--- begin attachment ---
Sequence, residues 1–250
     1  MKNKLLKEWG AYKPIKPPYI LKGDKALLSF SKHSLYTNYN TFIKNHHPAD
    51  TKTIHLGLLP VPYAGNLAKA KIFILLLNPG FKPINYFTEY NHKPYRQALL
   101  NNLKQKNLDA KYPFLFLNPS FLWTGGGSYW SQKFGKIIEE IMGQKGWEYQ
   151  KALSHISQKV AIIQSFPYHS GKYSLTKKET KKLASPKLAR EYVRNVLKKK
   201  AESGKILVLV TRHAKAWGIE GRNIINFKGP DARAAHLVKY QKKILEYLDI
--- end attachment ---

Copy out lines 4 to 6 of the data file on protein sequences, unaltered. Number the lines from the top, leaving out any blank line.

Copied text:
   101  NNLKQKNLDA KYPFLFLNPS FLWTGGGSYW SQKFGKIIEE IMGQKGWEYQ
   151  KALSHISQKV AIIQSFPYHS GKYSLTKKET KKLASPKLAR EYVRNVLKKK
   201  AESGKILVLV TRHAKAWGIE GRNIINFKGP DARAAHLVKY QKKILEYLDI